Bolivia Visa entry
Replies: 10 - Last Post: May 17, 2012 9:28 AM Last Post By: helibel
May 15, 2012 5:13 AM
Bolivia Visa entryHi ya'll, I was under the impression that it would be fine to get my visa for entering Bolivia landing in La Paz. I just read the following requirements from Wikitravel:
Arriving overland from Peru, US citizen tourist visas can be obtained at the border. Officially, they require a visa application form, a copy of the passport, a copy of yellow fever vaccination, a copy of an itinerary leaving Bolivia, evidence of economic solvency, a hotel reservation or written invitation, and a 4cm X 4cm or "passport sized" photo. A $135 dollar fee is also required, payable in freshly minted cash. Any old or marked bills will not be accepted. There are photocopy machines at the Border crossing in
I'm good on a visa application, a copy of passport, and yellow fever, but i'm uncertain abotut the rest. We do not have much of an itinterary, except a vague idea of where we would like to go, we do not have hotel reservations because we are immediately jumping on a plane to Rurre and going on a tour. What about a photo? Do I need to go get a photo taken of me?
Thanks in advance
May 15, 2012 5:34 AM
1A 'vague idea'of where to go is fine...i doubt they will ask to see it,but you can just make a list of (real or hypothetical)places in Bolivia and write dates next to them.
Same for the hotel...choose any one at random or invent one.Or write the one in Rurre if you know the name...
The photo is always useful to have when crossing borders or applying for things..I never travel without 5 or 6 passport size photos for various eventualities.
May 15, 2012 8:11 AM
2We had no problem at all (From the UK and didn't seem to need anything), but I am led to believe that the Bolivian border officials are a bit easier going on us than you folks from across the pond. I still can't imagine them being harsh on you, at least where we crossed near Copacabana. I'd just follow what #1 said, you'll be fine.
May 15, 2012 10:22 AM
3Why not be truthful ?
Supplying false information to obtain a visa is a criminal offense here, punishable by a minimum of 80 years in lock-up, or death by lethal injection.
Don´t invent anything.
If the information you supply is checked (and it might be - you never know), you´re in deep doggy-doo.
May 15, 2012 10:47 AM
May 15, 2012 6:41 PM
5I'm going to Bolivia in July and I will arrive in Bolivia overland from Chile (Salar de Uyuni tour). I'm a Thai citizen living in the US, so I also need a visa to enter Bolivia, and all those requirements apply when I am applying for a visa. I didn't apply it in Puno, though, but instead I applied right in the US at the consulate in LA.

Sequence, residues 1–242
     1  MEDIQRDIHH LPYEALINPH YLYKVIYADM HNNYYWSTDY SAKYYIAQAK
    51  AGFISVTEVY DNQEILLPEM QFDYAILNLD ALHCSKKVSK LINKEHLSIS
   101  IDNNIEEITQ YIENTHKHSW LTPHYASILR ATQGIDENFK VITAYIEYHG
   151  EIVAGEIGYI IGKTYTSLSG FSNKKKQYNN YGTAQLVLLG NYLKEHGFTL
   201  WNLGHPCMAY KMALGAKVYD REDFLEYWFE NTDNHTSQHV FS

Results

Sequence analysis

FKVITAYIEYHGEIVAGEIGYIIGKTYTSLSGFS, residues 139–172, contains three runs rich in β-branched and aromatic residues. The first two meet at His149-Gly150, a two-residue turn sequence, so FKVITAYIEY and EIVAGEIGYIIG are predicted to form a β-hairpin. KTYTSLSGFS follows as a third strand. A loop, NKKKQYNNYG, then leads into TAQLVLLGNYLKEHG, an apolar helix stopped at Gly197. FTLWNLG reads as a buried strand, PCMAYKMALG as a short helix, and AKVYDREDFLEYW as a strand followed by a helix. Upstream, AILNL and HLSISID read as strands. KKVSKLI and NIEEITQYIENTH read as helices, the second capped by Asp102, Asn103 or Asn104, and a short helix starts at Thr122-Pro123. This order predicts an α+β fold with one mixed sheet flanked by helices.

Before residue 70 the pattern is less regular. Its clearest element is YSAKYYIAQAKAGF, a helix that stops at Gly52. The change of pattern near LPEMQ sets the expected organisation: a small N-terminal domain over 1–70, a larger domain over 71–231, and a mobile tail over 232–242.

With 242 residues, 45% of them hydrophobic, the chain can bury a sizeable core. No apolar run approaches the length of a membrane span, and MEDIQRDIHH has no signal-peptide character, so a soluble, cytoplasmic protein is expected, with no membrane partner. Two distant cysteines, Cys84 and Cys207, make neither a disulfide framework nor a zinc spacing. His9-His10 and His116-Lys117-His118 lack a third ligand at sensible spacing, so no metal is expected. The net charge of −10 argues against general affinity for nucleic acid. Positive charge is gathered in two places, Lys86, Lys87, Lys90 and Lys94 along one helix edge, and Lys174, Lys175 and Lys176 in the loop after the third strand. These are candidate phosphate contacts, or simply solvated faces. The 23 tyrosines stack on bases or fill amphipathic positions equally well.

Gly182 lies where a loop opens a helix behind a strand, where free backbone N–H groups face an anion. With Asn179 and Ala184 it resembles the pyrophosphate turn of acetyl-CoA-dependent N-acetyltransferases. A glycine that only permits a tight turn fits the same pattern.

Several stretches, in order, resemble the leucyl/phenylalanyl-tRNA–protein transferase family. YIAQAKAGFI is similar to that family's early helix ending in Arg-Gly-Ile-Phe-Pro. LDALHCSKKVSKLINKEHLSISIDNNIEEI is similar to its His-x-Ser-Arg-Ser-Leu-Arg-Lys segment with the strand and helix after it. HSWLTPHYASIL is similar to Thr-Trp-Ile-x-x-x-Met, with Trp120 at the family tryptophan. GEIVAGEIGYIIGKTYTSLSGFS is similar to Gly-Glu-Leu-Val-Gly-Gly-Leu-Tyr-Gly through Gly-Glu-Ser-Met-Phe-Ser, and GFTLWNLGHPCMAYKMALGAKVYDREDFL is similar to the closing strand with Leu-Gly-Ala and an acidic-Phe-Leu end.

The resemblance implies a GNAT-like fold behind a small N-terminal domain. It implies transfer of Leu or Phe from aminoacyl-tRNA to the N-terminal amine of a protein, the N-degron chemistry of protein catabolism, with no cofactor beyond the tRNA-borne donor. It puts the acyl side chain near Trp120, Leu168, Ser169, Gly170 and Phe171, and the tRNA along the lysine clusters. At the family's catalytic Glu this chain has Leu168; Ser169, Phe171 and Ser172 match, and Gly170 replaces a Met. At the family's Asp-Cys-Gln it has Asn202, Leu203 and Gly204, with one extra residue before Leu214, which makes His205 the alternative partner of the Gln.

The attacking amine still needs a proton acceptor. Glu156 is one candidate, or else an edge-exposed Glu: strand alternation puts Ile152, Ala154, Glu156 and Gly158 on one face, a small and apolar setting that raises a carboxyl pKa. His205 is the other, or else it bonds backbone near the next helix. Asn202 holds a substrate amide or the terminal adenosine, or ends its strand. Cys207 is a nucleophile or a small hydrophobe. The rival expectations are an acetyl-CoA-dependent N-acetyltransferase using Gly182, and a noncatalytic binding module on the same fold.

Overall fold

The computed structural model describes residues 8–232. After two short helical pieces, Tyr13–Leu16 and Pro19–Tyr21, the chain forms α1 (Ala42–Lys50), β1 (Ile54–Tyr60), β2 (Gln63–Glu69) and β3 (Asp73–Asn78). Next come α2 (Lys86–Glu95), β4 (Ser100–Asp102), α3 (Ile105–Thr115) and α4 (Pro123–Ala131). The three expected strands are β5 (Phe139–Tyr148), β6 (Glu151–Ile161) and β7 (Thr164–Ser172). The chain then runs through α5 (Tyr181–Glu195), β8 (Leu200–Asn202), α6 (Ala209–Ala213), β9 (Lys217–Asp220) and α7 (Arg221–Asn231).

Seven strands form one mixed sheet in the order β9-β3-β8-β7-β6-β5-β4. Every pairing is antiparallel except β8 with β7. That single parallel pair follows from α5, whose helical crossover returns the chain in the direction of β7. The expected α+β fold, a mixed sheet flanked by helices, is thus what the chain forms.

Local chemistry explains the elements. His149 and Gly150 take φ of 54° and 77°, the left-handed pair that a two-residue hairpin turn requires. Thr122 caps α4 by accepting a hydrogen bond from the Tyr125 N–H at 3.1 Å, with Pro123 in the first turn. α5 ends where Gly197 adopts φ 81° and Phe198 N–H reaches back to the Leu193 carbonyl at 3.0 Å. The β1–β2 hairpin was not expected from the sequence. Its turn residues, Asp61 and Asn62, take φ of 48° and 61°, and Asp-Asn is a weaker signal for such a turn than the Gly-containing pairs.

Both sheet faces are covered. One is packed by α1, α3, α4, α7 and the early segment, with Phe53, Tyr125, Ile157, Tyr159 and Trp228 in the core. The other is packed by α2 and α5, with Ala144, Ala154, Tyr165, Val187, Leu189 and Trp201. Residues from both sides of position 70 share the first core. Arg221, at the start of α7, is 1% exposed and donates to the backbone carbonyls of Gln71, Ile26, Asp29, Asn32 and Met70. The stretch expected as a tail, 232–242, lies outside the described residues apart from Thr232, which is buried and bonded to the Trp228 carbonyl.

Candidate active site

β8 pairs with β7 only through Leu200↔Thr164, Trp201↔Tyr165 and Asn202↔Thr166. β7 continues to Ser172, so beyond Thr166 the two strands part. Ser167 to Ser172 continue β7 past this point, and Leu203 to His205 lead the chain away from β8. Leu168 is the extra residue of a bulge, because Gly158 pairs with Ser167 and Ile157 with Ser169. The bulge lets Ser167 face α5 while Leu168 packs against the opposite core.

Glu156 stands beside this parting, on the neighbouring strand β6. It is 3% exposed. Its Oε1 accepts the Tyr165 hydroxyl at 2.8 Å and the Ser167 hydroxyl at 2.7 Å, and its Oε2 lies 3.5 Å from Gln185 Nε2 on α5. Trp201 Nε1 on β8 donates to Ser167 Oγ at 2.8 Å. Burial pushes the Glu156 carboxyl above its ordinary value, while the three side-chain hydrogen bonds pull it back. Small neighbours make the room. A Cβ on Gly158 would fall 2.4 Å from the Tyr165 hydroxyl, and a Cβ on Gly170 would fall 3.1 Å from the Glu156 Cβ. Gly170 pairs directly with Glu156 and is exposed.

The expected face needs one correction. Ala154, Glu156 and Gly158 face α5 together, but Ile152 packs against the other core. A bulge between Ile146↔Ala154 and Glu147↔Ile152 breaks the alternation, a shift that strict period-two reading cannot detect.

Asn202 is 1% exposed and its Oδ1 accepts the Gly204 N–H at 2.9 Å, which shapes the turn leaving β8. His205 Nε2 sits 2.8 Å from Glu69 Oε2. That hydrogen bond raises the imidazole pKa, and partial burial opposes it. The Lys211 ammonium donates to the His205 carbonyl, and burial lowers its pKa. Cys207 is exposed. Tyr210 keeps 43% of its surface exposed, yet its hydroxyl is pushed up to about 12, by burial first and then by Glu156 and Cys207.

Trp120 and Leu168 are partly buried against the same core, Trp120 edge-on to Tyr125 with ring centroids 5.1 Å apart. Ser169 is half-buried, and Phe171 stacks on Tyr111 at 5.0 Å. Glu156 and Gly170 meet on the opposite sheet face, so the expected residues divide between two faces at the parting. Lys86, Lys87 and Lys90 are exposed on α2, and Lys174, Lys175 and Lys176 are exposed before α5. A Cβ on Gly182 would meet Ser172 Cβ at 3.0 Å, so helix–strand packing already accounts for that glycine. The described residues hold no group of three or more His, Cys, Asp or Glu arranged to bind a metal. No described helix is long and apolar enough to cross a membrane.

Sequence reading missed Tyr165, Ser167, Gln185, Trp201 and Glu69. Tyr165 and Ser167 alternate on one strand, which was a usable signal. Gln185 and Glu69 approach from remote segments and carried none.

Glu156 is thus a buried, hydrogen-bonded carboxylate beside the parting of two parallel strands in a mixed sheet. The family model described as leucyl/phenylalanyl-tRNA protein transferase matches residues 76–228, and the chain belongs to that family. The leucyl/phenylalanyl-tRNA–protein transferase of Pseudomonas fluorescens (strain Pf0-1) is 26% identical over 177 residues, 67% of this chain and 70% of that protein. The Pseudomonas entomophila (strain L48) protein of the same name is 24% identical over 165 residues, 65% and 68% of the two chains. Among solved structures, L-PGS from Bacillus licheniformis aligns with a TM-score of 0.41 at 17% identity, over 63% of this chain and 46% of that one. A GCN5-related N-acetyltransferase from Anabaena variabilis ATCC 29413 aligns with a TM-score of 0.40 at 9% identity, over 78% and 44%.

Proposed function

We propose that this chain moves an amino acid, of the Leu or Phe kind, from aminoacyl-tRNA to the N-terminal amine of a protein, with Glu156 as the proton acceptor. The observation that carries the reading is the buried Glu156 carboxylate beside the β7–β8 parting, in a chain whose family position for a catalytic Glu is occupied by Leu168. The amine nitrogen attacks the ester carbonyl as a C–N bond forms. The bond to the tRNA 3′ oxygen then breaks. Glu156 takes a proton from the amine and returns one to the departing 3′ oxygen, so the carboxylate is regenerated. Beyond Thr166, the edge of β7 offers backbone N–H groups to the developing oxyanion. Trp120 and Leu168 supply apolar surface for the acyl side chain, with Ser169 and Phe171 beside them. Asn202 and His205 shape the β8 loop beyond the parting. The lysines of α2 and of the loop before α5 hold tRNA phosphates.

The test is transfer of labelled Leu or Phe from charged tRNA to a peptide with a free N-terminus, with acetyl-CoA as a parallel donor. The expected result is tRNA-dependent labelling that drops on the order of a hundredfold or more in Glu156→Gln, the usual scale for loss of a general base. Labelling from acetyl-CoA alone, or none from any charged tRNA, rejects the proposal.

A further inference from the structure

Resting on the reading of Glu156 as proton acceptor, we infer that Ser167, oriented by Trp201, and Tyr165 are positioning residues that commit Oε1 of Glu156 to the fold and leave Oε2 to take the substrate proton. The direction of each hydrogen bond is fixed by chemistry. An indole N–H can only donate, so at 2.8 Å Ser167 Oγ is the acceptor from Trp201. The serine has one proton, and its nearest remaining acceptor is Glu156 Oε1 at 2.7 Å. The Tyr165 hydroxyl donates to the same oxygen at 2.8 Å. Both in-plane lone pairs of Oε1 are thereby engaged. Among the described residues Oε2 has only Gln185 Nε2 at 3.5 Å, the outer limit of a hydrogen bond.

I was also concerned about those itineraries requirements as I don't have any fixed dates for my stay in Bolivia either, so I called the consulate and they said that just giving them the letter telling that I will find all the hotels by myself while in Bolivia is fine. As I won't have a fixed itinerary, I can just write a letter to them, telling them the approximate timeframe of entering and leaving Bolivia. So you can just write a letter telling them the truth that you don't have a fixed itinerary. That will be enough! I got my visa by doing this.
And of course, you will need one passport-sized photo, which you will put it right on your application form. That's it! I'm sure there should be numerous places in Peru where you can get your photos taken before heading to Bolivia. Or if you haven't left the States yet, just get your visa done while here! There are consulates in New York, Washington, Miami, and Los Angeles! Just pick the one that is nearest to you!
May 15, 2012 11:32 PM
6There's good advice here: always carry photos, invent an itinerary and/or hotels, quit worrying. There's remarkably bad advice, as others have pointed out.
I used to fill out visa forms with the name and address of actual lodgings taken from guidebooks. That got tiresome, so I started entering imaginary hotels and hostels, with addresses that consisted of the names of distant cities. I wouldn't do this in the USA or Brazil, but it's worked fine in every other Western Hemisphere country--bar none. Basically, no one cares as long as you fill in something on the appropriate line in the application.
Enjoy your trip.
May 16, 2012 12:43 AM
7Mark's info is good.
As ever in Bolivia, what the law says and how things actually work in practice are often entirely different.
In summary, there are three different official categories of requirements for entry into Bolivia, depending which country you come from, and one unofficial one, which is that for US citizens.
Bolivia Bella has links to the three groups on her excellent website: